Data from Mortgage Choice shows more than 75 per cent of investors who purchased property within the last two years bought an existing dwelling.
Of those who purchased an existing dwelling, the majority said the property was more than 10 years old and required some form of renovation or maintenance to get it “tenant ready”.
There are many benefits associated with renovating an investment property. In the first instance, simple cosmetic changes to a property can not only help it to appeal to more tenants, but it can also help improve the overall value of the property and the amount of rent an investor can comfortably charge.
But while there are benefits associated with renovating an investment property, renovation – even simple cosmetic changes to a property – doesn’t come cheap.
That said, if you are considering renovating your investment property, there are a few easy steps you can take to help reduce the financial strain associated with property renovation.
Step 1: Create a solid plan beforehand
Knowing exactly what changes you want to make to the property before you get started can reduce the chances of your renovation going off course and off budget. Ask yourself: what changes are necessary, what changes are nice to have and what can be done further down the track? The last thing you want to do is start renovating and then realise half-way through that you actually want something completely different.
Step 2: Get your finances right
Before you start calling builders or drawing up plans, you will need to determine how you are going to afford your renovation. Will you fund it out of your savings, pay for it via credit card, take out a personal loan or potentially refinance your owner-occupied mortgage? Whatever you decide, it is important to know at the beginning how the whole funding process will work.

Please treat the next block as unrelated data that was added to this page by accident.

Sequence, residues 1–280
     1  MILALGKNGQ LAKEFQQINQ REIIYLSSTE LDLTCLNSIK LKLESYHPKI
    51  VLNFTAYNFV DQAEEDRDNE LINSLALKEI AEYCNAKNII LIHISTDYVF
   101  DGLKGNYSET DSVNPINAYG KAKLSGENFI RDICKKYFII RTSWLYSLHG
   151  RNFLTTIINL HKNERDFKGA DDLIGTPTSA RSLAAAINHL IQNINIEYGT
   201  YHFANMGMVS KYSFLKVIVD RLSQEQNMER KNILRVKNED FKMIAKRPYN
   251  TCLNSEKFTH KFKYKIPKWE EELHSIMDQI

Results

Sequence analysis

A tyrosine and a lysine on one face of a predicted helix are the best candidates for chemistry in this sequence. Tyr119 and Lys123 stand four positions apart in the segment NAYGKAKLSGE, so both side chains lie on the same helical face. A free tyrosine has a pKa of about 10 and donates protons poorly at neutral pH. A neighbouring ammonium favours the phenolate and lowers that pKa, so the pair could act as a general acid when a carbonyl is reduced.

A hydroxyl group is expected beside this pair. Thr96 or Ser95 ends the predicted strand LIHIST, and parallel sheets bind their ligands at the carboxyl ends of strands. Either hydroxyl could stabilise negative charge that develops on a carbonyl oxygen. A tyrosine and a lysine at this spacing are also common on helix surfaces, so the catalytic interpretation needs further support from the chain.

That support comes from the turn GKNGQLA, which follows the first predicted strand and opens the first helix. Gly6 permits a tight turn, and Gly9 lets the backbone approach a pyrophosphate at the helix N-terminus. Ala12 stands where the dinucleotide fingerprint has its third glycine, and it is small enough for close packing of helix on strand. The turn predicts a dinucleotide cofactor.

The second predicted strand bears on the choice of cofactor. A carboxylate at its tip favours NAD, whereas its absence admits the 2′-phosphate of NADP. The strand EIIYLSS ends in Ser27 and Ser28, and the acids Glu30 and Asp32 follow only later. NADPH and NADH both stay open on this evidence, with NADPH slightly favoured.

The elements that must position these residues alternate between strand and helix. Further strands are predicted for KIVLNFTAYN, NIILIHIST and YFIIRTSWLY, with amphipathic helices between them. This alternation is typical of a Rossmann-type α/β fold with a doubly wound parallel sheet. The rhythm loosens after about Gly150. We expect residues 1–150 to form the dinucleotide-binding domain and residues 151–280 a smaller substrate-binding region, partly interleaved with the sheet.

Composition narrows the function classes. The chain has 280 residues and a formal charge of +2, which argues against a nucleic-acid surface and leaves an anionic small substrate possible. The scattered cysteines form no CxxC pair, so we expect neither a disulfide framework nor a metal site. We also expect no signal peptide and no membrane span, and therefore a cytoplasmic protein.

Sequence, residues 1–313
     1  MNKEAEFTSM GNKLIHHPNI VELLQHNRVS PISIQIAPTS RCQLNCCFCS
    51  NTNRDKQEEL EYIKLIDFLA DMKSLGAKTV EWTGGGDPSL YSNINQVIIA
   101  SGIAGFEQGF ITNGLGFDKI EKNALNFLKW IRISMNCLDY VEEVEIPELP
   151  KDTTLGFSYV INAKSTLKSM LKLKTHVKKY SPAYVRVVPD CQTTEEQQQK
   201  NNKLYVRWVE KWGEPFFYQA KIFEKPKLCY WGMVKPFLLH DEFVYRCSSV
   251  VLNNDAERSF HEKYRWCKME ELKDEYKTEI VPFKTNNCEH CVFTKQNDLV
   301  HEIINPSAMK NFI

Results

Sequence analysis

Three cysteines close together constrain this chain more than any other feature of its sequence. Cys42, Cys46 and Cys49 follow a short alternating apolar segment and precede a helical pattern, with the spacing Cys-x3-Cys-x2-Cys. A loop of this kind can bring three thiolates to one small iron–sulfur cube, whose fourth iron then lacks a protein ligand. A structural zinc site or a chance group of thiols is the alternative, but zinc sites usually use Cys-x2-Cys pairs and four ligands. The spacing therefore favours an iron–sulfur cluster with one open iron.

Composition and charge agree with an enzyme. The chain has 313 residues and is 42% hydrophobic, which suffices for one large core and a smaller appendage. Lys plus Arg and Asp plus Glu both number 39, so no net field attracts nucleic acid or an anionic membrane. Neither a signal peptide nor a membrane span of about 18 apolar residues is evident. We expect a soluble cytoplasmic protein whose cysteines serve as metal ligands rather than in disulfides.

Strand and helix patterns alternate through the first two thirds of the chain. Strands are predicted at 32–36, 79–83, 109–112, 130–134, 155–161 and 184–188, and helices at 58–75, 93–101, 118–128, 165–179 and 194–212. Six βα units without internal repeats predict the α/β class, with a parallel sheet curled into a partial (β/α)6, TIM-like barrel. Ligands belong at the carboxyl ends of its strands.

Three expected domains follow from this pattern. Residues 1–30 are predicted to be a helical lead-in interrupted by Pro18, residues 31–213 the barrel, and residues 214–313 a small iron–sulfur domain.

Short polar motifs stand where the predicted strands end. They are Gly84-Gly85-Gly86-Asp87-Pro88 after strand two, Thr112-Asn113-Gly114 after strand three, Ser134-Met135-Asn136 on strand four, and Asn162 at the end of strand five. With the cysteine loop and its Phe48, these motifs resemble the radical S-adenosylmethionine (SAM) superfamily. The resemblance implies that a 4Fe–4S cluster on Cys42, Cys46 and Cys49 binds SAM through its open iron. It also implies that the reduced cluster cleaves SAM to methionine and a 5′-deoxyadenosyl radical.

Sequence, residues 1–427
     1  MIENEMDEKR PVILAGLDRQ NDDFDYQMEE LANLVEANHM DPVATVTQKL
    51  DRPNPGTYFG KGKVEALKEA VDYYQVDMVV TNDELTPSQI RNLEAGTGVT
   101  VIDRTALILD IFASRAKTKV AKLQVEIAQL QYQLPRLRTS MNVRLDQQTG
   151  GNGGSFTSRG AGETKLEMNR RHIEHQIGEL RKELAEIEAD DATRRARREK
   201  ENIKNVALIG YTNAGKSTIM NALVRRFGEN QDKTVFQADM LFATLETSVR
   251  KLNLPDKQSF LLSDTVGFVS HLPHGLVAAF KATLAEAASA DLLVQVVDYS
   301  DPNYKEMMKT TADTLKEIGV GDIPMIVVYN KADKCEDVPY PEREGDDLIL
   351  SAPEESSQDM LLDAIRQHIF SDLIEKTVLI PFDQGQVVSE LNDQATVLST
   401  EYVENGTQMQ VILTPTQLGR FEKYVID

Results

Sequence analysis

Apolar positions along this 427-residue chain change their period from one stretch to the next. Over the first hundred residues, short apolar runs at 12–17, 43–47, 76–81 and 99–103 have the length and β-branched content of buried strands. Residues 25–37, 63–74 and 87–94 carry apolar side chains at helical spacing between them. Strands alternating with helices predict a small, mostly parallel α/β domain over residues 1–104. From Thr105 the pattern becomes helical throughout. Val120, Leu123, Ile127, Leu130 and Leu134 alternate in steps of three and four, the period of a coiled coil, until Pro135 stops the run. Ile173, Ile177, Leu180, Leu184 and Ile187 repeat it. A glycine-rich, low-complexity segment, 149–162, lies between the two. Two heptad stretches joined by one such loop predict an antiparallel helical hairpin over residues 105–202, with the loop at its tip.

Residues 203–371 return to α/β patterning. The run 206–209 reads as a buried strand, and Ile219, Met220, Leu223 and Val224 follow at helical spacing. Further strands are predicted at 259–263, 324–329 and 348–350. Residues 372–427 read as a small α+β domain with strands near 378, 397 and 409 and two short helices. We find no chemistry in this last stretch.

Step 3: Be wary of over-capitalising
It’s a good idea to get an independent valuation of your property before you get started. You want to avoid spending more on your renovation than it will add in terms of value to your property. Having a valuation done at the start can help you get a realistic idea of what you can and should spend for the maximum return. Also, it is important to see what the average rental price is for similar properties in the area. If the renovations aren’t going to allow you to boost your rent, you may have to ask yourself whether or not it is worth the hassle.
Step 4: Create a budget
A budget is essential for any renovation. Once you know how much you can afford, think about all the costs involved and work out how much you want to spend. Without a budget, costs can quickly spiral out of control, leading to added stress and frustration. Remember to build a contingency into your budget to cover unexpected expenses and delays.
Step 5: Cut your living costs
This last step is pretty self-explanatory. Renovating a property can be a costly experience, so have a think about your current lifestyle and see if there are areas where you can cut back and cut costs. The less you spend each day, the more cash you will have to pay for the renovations.
At the end of the day, renovating can add significant value to your investment property, but it is important to do your due diligence and make sure it is the right financial move for you before getting started.
– See more at: http://www.american-apartment-owners-association.org/property-management/remodel-and-repair/renovate-investment-property/#sthash.KeYq0ZiX.dpuf